European stock markets slid on Thursday amid record tensions on the eurozone bond market and risks from debt contagion hours before a key policy speech by the new Italian prime minister.
Investor sentiment was already under pressure after ratings agency Fitch warned overnight that US banks could be exposed if the eurozone crisis intensified.
The critically important spread between German and French borrowing rates indicated on the market for existing bonds rose above 2.0 percentage points.
Meanwhile Germany warned Italian Prime Minister Mario Monti to move fast to enact the policies he was to announce later in the day to stop Italy sliding further into a debt trap.
The eurozone crisis shows little sign of respite and there is a real risk of an escalation in the crisis," said Neil MacKinnon, an economist at Russian financial group VTB Capital.
In late morning deals, London's FTSE 100 index sank 1.42 percent to 5,430.68 points, Frankfurt's DAX 30 shed 1.37 percent to 5,834.85 points and in Paris the CAC 40 dropped 1.73 percent to 3,011.99.
But in foreign exchange trading, the euro edged up to $1.3463, from $1.3451 late in New York on Wednesday. It had fallen overnight to $1.3422 -- which was the lowest level since October 10.
Spain's treasury had to pay a record interest rate of 6.975 percent at a new debt issue when it raised 3.563 billion euros ($4.808 billion) with 10-year bonds on Thursday.
The government had hoped to raise between three and four billion euros with the bond sale and the interest rate paid is the highest since the creation of the euro single currency, according to Dow Jones Newswires.
"Spain's debt auction will do nothing to settle nerves in Madrid," said research director Kathleen Brooks at trading site Forex.com.
"The yield investors demanded to hold 2022 debt was 6.97 percent -- millimetres away from the crucial 7.0-percent level considered to be the threshold that could push Spain to needing a bailout.
"Spain still has 12 billion euros of debt to auction next month, if sentiment does not start to pick up then we could see funding stresses reach a critical level in Madrid very quickly," Brooks added.
France was meanwhile due to issue between six and seven billion euros in five-year bonds later in the day, in another key test of market confidence in eurozone financial management.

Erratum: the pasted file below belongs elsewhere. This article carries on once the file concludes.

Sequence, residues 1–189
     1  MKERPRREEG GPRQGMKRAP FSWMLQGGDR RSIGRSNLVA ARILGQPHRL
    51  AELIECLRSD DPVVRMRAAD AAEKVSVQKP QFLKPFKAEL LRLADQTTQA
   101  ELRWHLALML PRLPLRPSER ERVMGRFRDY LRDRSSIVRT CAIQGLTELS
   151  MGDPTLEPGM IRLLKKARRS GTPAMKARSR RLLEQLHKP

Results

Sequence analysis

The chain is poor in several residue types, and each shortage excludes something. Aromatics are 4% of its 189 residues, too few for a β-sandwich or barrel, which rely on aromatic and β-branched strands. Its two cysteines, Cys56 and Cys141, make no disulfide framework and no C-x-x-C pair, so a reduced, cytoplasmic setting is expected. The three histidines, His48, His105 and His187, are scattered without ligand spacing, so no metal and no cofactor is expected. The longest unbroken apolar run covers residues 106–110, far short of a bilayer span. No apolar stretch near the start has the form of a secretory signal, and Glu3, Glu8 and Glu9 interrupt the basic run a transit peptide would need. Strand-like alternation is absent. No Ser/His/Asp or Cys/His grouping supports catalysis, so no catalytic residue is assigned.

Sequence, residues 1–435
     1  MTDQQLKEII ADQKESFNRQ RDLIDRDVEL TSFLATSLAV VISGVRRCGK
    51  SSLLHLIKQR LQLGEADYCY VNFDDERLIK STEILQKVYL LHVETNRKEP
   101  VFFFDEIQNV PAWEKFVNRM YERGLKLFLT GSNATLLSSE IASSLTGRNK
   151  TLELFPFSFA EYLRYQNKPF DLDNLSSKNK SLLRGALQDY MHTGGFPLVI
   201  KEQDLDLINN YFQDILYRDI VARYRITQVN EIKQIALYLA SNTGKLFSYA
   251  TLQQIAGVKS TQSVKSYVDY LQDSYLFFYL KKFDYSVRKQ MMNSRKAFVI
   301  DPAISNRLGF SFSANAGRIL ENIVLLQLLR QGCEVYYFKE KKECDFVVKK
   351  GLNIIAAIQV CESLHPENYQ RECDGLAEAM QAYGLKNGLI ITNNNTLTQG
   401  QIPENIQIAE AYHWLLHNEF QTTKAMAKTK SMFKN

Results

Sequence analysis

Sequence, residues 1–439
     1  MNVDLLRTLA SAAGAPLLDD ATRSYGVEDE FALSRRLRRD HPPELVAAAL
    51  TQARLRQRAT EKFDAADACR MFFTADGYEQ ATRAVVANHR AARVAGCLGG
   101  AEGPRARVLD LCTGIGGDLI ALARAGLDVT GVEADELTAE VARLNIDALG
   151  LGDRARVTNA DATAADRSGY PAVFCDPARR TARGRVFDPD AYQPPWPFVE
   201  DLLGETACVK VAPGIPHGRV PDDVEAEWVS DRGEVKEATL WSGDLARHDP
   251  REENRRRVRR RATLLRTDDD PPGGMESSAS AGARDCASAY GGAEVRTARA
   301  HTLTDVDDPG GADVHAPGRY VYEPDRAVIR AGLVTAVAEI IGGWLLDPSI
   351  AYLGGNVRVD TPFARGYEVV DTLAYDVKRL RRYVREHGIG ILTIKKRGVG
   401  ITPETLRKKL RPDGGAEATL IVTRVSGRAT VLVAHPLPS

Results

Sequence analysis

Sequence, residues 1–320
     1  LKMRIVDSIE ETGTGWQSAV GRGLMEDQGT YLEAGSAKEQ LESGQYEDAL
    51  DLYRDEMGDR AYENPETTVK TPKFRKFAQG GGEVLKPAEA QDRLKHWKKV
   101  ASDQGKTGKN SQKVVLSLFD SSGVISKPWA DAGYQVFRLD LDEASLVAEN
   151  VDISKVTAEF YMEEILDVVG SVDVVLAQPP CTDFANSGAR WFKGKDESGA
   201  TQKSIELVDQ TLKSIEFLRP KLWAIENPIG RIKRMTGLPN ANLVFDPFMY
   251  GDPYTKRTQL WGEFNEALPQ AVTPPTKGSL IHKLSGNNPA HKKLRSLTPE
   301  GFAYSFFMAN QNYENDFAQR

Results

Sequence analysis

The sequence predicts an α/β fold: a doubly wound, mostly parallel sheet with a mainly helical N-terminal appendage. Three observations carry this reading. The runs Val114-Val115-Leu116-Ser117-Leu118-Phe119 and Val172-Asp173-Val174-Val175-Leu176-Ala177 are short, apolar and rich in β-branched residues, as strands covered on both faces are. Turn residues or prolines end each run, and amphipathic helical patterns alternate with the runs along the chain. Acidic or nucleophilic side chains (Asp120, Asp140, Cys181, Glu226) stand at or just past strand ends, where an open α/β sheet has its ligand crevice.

Despite new governments taking over in Italy and Greece to push through key reforms, the cost of borrowing for under-pressure countries remained dangerously high.
Italian benchmark 10-year bond yields once again topped 7.0 percent on Thursday, while in Spain -- whose massive debt and crippling unemployment has also come into focus -- the cost of borrowing has hit 6.66 percent.
Bond yields remained above or close to the 7.0-percent danger zone considered unsustainable for governments to service their debts.
And in another gloomy signal, the gaps in borrowing rates on German government bonds and those of France and Spain hit the highest levels since the creation of the euro amid acute strains over eurozone debt.
Asian stock markets closed mixed on Thursday but trading was cautious after two ratings agencies sounded alarm bells over the potential impact of the eurozone debt crisis on major banks.
Tokyo finished 0.19 percent higher, Sydney rose 0.25 percent and Seoul added 1.11 percent. But on the downside, Hong Kong fell 0.76 percent and Shanghai closed 0.16 percent lower.
Fitch warned that the contagion effects on US banks were "potentially large" if the crisis spreads beyond Greece, Ireland, Italy, Portugal, and Spain.
It pointed to the risks in France, where banks are being weakened by their own eurozone exposure, while Paris is cutting spending to avoid losing its AAA credit rating.
Fitch said the top five US banks had $188 billion in exposure to France at the end of the second quarter, $114 billion of it to French banks.
Wall Street's three main indexes ended lower on Wednesday following the announcement, with the Dow Jones Industrial Average off 1.58 percent, the S&P 500 down 1.66 percent and the Nasdaq losing 1.73 percent.
Adding to the sense of fear was Moody's decision to downgrade 10 German public-sector banks, saying they were now less likely to receive state support if needed.
There was a little respite in Europe after Italy's new Prime Minister Mario Monti put together his new cabinet charged with pushing through legislation aimed at putting the economy back on an even keel.
And in Greece, the newly installed premier Lucas Papademos kicked off talks with international banks on reducing the country's mountain of debt, after winning overwhelming support from parliament in a symbolic vote of confidence, but reports said progress was snagged on details of how the banks will take their losses.